I love Eurovision. I love it because you often see something different or weird or silly. It’s mad and that makes it great.

But recently Eurovision have tamed these impulses. They’ve started to make it less silly and, quite frankly, more boring.

They’ve done this with judges votes. There was a time when telephone voting was all that mattered. And that led to things like the UK giving this glorious entry by Lithuania 10 points in 2006. It also led to Lordi winning in the same year. Lordi!

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This year’s winner was Sweden. It was an OK song. But it was very safe for Eurovision.

But DID Sweden win? Did the judges make a difference? Luckily, there’s a way to find out. Eurovision publishes it’s full results. I simply took out the judges voting and ranked all of the countries by phone voting. (San Marino appear to have to have not done telephone voting, so I’ve excluded their results. This means that their judges decided to give Electric Velvet 3 points. Madness)

According to my calculations, Italy won. By a lot. Here’s the final standings:

Italy 349
Russia 282
Sweden 272
Belgium 190
Estonia 144
Australia 124
Israel 102
Albania 93
Serbia 86
Latvia 83
Armenia 77
Romania 69
Georgia 51
Azerbaijan 48
Poland 47
Noray 37
Montenegro 34
Lithuania 32
Slovenia 27
Spain 26
Greece 24
Hungary 17
Cyprus 8
Germany 5
UK 4
France 3
Austria 0

I’m glad in the real results Germany did better than our AWFUL entry. Sad to see no points for Austria.

I think Judges votes were brought in to get rid of ‘political’ voting (ie countries near each other and having similar cultures liking the same type of song). If that’s the case, it’s failed spectacularly. Russia have LESS points with telephone voting than with judges and telephone voting. All it does it hurt acts like Italy, Eurovision outsiders.

Let’s also talk for a second about another outsider. The learning disabled act Pertti Kurikan Nimipäivät, who played punk rock. Not Eurovision’s usual thing. They didn’t make it through the semi final.

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But here’s the thing, they should have made it through to the final. They lost exclusively on judges votes. Televoting actually favored them significantly. If it was just based on the voice of the people we’d have seen Pertti Kurikan Nimipäivät in the final. And it’s a shame we didn’t. Because since Conchita Eurovision stands for something. Maybe it always has, but it’s more obvious now. It’s about inclusiveness. About similarities not differences, and I think to exclude this band because of the type of music they play was rubbish.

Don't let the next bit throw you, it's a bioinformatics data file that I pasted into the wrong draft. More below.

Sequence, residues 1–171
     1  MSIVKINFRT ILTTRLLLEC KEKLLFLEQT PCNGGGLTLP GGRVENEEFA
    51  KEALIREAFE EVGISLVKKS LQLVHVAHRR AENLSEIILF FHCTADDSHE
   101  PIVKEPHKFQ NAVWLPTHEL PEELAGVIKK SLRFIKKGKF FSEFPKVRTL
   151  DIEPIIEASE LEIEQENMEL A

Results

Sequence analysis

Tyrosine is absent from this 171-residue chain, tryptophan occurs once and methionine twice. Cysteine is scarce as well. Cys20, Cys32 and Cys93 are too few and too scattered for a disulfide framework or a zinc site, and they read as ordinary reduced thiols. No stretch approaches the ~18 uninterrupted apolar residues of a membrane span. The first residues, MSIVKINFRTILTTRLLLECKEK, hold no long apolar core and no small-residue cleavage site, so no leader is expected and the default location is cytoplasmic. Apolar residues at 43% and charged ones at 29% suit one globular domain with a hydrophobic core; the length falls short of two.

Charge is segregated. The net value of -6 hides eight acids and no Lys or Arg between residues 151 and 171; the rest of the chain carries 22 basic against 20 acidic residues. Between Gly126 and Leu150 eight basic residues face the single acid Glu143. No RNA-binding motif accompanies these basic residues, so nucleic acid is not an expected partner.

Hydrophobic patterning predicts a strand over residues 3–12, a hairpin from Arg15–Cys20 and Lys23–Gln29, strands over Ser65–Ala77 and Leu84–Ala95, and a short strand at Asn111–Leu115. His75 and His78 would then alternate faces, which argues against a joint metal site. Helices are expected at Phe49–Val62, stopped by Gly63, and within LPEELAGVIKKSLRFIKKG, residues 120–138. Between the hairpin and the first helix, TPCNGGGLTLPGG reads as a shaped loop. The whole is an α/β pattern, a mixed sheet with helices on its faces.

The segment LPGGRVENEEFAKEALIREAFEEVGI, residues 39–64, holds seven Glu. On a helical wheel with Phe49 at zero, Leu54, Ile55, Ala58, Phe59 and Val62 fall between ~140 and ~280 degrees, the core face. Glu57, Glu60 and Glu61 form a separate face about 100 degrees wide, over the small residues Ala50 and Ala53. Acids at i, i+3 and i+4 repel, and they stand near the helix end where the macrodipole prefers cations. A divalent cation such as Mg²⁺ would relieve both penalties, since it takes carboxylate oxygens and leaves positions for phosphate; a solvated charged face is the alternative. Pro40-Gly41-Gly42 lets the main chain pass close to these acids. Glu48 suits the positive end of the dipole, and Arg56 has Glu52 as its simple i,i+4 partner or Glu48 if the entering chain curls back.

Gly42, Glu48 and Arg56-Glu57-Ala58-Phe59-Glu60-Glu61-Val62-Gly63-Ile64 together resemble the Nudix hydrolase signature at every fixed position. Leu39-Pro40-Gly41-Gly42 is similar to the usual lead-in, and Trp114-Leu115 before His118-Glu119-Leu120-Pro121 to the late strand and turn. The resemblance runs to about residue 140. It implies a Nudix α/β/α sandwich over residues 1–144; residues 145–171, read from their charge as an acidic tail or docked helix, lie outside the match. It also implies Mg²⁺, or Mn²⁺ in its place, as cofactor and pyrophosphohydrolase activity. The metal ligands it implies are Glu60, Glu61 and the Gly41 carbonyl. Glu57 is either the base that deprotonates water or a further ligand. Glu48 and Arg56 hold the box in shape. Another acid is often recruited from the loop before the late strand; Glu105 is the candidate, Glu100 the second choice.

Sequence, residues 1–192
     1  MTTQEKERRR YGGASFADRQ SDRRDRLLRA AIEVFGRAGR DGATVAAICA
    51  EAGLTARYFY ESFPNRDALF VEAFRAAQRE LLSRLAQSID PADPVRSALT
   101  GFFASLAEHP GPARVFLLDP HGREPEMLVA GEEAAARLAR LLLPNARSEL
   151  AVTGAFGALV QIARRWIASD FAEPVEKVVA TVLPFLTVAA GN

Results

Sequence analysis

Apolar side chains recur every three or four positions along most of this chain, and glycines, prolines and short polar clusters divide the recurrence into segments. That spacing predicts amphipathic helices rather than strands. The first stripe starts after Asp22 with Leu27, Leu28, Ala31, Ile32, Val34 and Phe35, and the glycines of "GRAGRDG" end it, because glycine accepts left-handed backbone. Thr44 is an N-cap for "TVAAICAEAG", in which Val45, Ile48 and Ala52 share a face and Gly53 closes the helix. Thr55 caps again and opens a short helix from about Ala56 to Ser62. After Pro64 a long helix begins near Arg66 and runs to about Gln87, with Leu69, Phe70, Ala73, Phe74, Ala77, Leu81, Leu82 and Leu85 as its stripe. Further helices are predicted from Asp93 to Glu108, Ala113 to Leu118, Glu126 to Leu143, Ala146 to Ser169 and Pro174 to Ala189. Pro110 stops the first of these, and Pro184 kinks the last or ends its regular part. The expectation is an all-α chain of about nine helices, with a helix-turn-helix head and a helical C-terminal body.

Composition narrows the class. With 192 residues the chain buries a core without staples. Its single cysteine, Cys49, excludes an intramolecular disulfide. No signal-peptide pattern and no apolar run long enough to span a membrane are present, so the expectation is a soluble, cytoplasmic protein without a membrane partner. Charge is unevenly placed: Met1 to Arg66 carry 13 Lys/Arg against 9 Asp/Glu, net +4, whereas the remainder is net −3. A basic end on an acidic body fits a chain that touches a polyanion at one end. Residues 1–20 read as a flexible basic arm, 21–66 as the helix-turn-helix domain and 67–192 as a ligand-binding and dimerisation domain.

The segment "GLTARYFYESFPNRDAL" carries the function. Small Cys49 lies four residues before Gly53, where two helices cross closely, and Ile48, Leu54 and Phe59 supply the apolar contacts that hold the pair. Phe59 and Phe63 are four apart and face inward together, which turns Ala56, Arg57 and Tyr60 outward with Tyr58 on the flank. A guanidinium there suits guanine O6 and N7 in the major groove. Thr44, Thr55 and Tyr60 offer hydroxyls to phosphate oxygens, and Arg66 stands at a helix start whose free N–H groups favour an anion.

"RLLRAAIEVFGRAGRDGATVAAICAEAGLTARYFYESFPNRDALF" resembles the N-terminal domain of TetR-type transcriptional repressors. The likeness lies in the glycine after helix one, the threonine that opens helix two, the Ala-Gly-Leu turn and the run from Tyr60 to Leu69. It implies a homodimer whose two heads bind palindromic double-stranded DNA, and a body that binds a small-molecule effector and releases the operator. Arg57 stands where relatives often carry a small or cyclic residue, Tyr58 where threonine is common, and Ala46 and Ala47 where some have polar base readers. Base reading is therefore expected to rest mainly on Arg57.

I don’t normally ask people to share stuff. This is a maths website aimed at providing resources to other maths teachers, but please share this. Hopefully if enough people see this, the system might change.

Peace out. My spreadsheet here-> ESC-2015-grand_final-full_results

I’ve been thinking a lot recently about problem solving.

The new maths GCSE introduces a lot of it, and some of the sample questions I have seen include almost Fermi-like questions.

I’ve always liked problem solving, I particularly like the Dan Meyer stuff, but I’ve not written much about it. So here is an example of a problem solving lesson I’ve created.

Problem Solving Lesson : Phone Contracts. 

Equipment required: 
Graph paper
A3 paper

Prior Knowledge Desirable:
Linear graphs

I simply showed students this slide.

phonecontracts

We talked about it for a while. I have obviously had to massively simplify the problem. I was upfront with students about this. We talked about contracts and a little about data, texts and things like WhatsApp meaning that they didn’t really need minutes. This time was important. These questions about the validity of the task I think helped draw out thinking and were useful in getting students into the task. It’s important not to shoot students down when they ask them.

We then talked a little about how the task seemed simple. But it’s deceptive.

The real question comes in how we present our answers. Students started to ask questions. How long does the average person spend on the phone? Do different users have different needs? This last question unlocks the potential of the task.

Which phone is best for which person? How many minutes do you have to be on the phone for before buying the initially more expensive phone is the better option? How can I show this information clearly? 

Students came up with a variety of responses. Not everyone used graphs. Some went around and surveyed other pupils to find out how long they sent on the phone. I liked that idea.

Not all answers/conclusions were of high quality, you can see a selection of student work below, but I’m OK with that.

I will look at these and give feedback next lesson. Hopefully they will gain confidence in this sort of task.

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